11. Wu, Y.; Saito, N.; Nae, F.A.; Inoue, Y.; Takai, O. Water droplets interaction with super-hydrophobic surfaces. Surf. Sci. 2006, 600, 3710–3714. [Google Scholar] [CrossRef]
  12. Rioboo, R.; Voué, M.; Vaillant, A.; De Conick, J. Drop Impact on Porous Superhydrophobic Polymer Surfaces. Langmuir 2008, 24, 14074–14077. [Google Scholar] [CrossRef] [PubMed]
  13. Brunet, P.; Lapierre, F.; Thomy, V.; Coffinier, Y.; Boukherroub, R. Extreme Resistance of Superhydrophobic Surfaces to Impalement: Reversible Electrowetting Related to the Impacting/Bouncing Drop Test. Langmuir 2008, 24, 11203–11208. [Google Scholar] [CrossRef] [PubMed]
  14. Li, X.; Ma, X.; Lan, Z. Dynamic Behavior of the Water Droplet Impact on a Textured Hydrophobic/Superhydrophobic Surface: The Effect of the Remaining Liquid Film Arising on the Pillars Tops on the Contact Time. Langmuir 2010, 26, 4831–4838. [Google Scholar] [CrossRef] [PubMed]
  15. Gao, X.; Jiang, L. Water-Repellent Legs of Water Strider. Nature 2004, 432, 36. [Google Scholar] [CrossRef] [PubMed]
  16. Su, B.; Li, M.; Lu, Q. Toward Understanding Whether Superhydrophobic Surfaces Can Really Decrease Fluidic Friction Drag. Langmuir 2010, 26, 6048–6052. [Google Scholar] [CrossRef] [PubMed]
  17. Shi, F.; Niu, J.; Liu, J.; Liu, F.; Wang, Z.; Feng, Q.X.; Zhang, X.; Shi, F. Towards Understanding Why a Superhydrophobic Coating Is Needed by Water Striders. Adv. Mater. 2007, 19, 2257–2261. [Google Scholar] [CrossRef]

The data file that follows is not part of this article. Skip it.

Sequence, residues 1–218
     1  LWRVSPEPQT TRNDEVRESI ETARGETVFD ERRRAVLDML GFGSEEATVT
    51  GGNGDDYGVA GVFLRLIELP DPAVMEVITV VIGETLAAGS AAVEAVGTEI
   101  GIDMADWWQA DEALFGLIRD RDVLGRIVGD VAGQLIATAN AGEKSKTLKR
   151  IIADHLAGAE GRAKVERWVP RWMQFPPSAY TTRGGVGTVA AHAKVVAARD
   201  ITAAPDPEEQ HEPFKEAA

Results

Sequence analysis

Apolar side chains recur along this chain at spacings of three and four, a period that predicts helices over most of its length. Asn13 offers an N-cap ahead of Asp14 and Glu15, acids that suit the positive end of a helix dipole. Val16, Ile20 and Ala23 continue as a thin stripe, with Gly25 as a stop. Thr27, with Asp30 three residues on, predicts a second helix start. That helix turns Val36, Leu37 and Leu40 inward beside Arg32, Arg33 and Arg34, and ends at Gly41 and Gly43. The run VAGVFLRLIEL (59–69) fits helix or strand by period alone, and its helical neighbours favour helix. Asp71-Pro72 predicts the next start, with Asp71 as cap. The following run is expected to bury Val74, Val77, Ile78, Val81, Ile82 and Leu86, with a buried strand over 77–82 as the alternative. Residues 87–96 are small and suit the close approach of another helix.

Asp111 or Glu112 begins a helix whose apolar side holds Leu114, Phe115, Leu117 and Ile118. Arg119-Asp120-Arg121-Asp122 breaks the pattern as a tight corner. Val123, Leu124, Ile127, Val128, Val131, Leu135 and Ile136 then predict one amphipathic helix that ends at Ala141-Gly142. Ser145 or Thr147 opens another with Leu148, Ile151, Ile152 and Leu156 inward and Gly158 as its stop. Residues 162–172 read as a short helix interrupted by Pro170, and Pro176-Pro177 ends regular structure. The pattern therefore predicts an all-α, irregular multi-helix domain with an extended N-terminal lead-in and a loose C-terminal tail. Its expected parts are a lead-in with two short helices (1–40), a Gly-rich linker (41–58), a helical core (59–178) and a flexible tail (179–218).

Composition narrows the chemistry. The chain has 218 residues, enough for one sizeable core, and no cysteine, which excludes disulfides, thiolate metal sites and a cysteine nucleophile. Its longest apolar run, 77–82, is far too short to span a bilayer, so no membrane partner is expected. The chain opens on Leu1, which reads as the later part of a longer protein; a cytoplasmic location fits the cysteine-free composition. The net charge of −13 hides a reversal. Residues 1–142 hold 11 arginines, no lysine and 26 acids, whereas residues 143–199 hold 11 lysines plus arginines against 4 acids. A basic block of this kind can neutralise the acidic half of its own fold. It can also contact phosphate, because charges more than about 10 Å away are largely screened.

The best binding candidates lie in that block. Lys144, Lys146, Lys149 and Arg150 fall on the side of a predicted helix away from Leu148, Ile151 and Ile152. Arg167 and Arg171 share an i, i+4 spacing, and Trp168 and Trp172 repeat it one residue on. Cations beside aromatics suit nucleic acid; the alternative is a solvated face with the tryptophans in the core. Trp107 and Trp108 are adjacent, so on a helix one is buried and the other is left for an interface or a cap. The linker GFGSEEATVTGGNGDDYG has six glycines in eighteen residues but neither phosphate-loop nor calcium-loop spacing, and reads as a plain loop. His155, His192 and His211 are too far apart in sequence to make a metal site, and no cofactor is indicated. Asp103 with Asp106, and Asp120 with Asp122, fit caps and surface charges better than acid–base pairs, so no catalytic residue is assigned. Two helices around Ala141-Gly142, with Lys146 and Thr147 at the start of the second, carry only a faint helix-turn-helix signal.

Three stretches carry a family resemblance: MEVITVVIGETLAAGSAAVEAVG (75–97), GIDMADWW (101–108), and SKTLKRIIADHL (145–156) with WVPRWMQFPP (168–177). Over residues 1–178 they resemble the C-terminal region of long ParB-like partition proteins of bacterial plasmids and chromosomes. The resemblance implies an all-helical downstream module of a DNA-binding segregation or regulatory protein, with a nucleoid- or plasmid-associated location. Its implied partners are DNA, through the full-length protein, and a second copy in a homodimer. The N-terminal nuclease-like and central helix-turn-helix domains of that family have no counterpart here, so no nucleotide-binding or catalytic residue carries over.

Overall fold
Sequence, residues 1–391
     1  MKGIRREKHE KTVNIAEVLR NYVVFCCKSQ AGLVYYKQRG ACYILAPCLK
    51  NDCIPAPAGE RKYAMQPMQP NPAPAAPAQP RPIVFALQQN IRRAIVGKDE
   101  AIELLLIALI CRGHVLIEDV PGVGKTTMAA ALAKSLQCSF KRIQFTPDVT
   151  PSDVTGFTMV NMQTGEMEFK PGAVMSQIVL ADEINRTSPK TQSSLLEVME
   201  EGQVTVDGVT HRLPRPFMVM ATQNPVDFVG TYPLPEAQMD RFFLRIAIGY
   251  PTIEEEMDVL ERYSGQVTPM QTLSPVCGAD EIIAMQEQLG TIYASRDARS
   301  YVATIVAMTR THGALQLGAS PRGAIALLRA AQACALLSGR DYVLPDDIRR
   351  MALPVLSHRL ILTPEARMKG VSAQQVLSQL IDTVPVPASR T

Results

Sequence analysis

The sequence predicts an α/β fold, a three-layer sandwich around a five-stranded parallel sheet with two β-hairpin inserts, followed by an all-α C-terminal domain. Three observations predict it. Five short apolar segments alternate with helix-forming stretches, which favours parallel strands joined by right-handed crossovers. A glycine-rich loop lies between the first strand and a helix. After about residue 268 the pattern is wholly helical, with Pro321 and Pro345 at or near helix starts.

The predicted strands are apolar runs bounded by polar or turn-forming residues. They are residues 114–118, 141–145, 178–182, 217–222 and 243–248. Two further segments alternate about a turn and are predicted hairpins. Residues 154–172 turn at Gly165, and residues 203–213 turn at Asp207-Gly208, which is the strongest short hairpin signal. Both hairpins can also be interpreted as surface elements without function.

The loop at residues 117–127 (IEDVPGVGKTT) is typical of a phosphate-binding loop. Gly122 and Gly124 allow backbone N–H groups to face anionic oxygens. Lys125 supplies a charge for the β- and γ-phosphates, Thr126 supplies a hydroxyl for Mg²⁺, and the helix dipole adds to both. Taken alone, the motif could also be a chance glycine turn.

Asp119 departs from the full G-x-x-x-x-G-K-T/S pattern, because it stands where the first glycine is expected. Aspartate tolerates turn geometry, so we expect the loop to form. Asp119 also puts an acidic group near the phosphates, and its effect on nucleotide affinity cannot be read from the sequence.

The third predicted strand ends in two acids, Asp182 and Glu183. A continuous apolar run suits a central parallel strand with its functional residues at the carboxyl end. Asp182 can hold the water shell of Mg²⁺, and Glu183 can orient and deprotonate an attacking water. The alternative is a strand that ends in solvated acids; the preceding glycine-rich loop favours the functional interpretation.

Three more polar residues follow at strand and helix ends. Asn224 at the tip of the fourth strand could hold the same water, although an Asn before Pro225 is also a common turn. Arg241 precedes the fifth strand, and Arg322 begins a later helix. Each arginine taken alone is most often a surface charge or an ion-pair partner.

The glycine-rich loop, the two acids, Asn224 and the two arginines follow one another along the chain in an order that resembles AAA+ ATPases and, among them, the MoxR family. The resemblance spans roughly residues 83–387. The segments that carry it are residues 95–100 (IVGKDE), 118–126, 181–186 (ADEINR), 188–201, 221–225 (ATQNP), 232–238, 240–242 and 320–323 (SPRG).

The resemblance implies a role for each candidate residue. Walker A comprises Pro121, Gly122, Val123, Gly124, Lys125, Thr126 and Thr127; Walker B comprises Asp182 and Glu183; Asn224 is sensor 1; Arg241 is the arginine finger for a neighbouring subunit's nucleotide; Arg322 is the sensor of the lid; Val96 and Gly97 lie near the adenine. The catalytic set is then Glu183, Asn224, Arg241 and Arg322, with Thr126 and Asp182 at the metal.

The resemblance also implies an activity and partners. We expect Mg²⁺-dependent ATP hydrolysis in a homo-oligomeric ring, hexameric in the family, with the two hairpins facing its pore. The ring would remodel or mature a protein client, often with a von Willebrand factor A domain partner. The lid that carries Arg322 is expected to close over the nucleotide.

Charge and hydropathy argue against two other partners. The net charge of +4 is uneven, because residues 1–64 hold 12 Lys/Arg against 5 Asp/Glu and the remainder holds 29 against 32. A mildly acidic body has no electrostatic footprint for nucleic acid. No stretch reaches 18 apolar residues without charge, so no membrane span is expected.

18. Cheng, M.; Zhang, S.; Dong, H.; Han, S.; Wei, H.; Shi, F. Improving the durability of a drag-reducing nanocoating by enhancing its mechanical Stability. ACS Appl. Mater. Interfaces 2015, 7, 4275–4282. [Google Scholar] [CrossRef] [PubMed]
  19. McHale, G.; Shirtcliffe, N.J.; Evans, C.R.; Newton, M.I. Terminal velocity and drag reduction measurements on superhydrophobic spheres. Appl. Phys. Lett. 2009, 94, 064104. [Google Scholar] [CrossRef]
  20. Zhang, S.; Ouyang, X.; Li, J.; Gao, S.; Han, S.; Liu, L.; Wei, H. Underwater drag-reducing effect of superhydrophobic submarine model Zhang. Langmuir 2015, 31, 587–593. [Google Scholar] [CrossRef] [PubMed]
  21. Brassard, J.-D.; Sarkar, D.K.; Perron, J. Studies of drag on the nanocomposite superhydrophobic surfaces. Appl. Surf. Sci. 2015, 324, 525–531. [Google Scholar] [CrossRef]
  22. Kavalenka, M.N.; Vüllers, F.; Lischker, S.; Zeiger, C.; Hopf, A.; Röhrig, M.; Rapp, B.; Worgull, E.; Hölscher, H. Bioinspired Air-Retaining Nanofur for Drag Reduction. ACS Appl. Mater. Interfaces 2015, 7, 10651–10655. [Google Scholar] [CrossRef] [PubMed]
  23. Barthlott, W.; Schimmel, T.; Wiersch, S.; Koch, K.; Brede, M.; Barczewski, M.; Walheim, S.; Weis, A.; Kaltenmaier, A.; Leder, A.; et al. The Salvinia Paradox: Superhydrophobic Surfaces with Hydrophilic Pins for Air Retention under Water. Adv. Mater. 2010, 22, 2325–2328. [Google Scholar] [CrossRef] [PubMed]
  24. Di Mundo, R.; Palumbo, F.; d’Agostino, R. Nanotexturing of Polystyrene Surface in Fluorocarbon Plasmas: From Sticky to Slippery Superhydrophobicity. Langmuir 2008, 24, 5044–5051. [Google Scholar] [CrossRef] [PubMed]
  25. Di Mundo, R.; Bottiglione, F.; Carbone, G. Cassie state robustness of plasma generated randomly nano-rough surfaces. Appl. Surf. Sci. 2014, 316, 324–332. [Google Scholar] [CrossRef]
  26. Di Mundo, R.; Troia, M.; Palumbo, F.; d’Agostino, R. Nano-texturing of Transparent Polymers with Plasma Etching: Tailoring Topography for a Low Reflectivity. Plasma Proc. Polym. 2012, 9, 947–954. [Google Scholar] [CrossRef]